No country can withstand such a blow. But for a place that had just emerged from one of the worst adjustment recession on record in Western economies, the antics of the radical amateurs in Athens proved to be a costly disaster. Rarely before has corporate confidence plunged so fast and so far that it did in Greece in the first half of 2015.

As the Greek economy started to crumble, prime minister Tsipras finally came to his senses in July 2015. He ousted Varoufakis and started to cooperate with his country’s lenders instead.

The overall damage which the six months of radical left policies under finance minister Varoufakis have inflicted on Greece is dramatic. Instead of enjoying a firming upswing like Spain, the Greek economy fell back into recession over the course of 2015. The outlook for 2016 is still bleak. As a result, Greek GDP at the end of 2016 could be roughly 7.5% below what it would have been if Greece had remained on the Spanish-style recovery track.

In addition, lower tax revenues and extra spending will likely lead to a cumulative fiscal shortfall of some €9 billion for 2015 and 2016 relative to a baseline of unchanged policies and the absence of a political confidence shock. The government is trying to hide the full extent of the damage by not paying many of its suppliers. Unfortunately, the resulting squeeze on many Greek companies is damaging the economy and hence the country’s tax base even further.

Furthermore, Greece had to recapitalise the badly weakened banks. While it managed to raise some outside capital for this, it did so by diluting the public sector’s share in the banking system badly. As a result, Greece can no longer hope for substantial revenues from a future privatisation of banks after a return to economic growth. The overall current and likely future fiscal hit from the damage to the banking system probably amounts to at least €12 billion.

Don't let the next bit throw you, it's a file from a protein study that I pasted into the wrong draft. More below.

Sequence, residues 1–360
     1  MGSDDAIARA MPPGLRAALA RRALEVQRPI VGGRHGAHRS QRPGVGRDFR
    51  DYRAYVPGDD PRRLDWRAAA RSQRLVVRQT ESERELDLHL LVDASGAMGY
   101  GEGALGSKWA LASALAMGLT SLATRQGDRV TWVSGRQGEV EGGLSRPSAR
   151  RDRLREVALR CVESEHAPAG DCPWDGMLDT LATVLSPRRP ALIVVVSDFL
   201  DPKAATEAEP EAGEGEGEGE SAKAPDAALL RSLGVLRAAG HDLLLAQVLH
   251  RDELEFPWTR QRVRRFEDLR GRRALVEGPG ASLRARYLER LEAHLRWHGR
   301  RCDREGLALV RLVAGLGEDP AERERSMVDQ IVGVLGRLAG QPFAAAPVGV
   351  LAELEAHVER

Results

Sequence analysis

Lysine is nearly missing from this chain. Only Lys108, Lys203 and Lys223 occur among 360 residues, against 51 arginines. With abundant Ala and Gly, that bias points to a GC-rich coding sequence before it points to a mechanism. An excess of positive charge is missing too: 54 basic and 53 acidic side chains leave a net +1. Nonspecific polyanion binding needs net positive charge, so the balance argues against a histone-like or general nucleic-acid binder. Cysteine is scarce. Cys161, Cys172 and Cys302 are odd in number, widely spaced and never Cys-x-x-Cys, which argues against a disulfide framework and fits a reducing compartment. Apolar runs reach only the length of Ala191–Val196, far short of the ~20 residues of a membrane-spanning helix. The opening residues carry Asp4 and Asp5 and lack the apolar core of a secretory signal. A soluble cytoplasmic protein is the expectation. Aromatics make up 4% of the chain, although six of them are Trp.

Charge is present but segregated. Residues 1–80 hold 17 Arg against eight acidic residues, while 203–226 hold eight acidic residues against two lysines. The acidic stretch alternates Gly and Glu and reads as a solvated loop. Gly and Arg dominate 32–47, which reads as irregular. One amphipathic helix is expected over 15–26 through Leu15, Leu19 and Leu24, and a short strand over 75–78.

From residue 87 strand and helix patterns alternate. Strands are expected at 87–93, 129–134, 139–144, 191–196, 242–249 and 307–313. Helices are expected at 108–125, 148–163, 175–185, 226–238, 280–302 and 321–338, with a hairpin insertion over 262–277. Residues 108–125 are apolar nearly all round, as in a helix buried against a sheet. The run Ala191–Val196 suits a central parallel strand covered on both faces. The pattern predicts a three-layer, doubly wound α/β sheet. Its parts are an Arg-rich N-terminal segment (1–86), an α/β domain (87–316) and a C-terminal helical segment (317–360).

Because of the misguided policies of the first half of 2015, the Greek debt-to-GDP ratio will likely around 28 percentage points higher by the end of 2016 than it would have been otherwise, including the loss from foregone privatisation revenues. Rarely have so few months been so expensive for the public purse than the six months of finance minister Varoufakis. This counting of the fiscal costs still abstracts from the human misery caused by Greece’s relapse into recession.

Of course, history moves on. After Greece ratified a new agreement with its international lenders in the summer of 2015, corporate confidence recovered somewhat. But shattered trust is difficult to rebuild. Even if a chastened Greek government without Varoufakis now stays roughly on the course agreed with its lenders, the road ahead will be rocky. Business investment will remain tepid for a while after such a near-death experience. Unfortunately, we cannot even rule out a new Greek crisis. Due to the renewed recession, the social situation will take significantly longer before it can improve.

The Greek experience should provide a stark warning to other governments thinking of reform reversals. In a still fragile situation, policy mistakes that shatter confidence can be very costly indeed.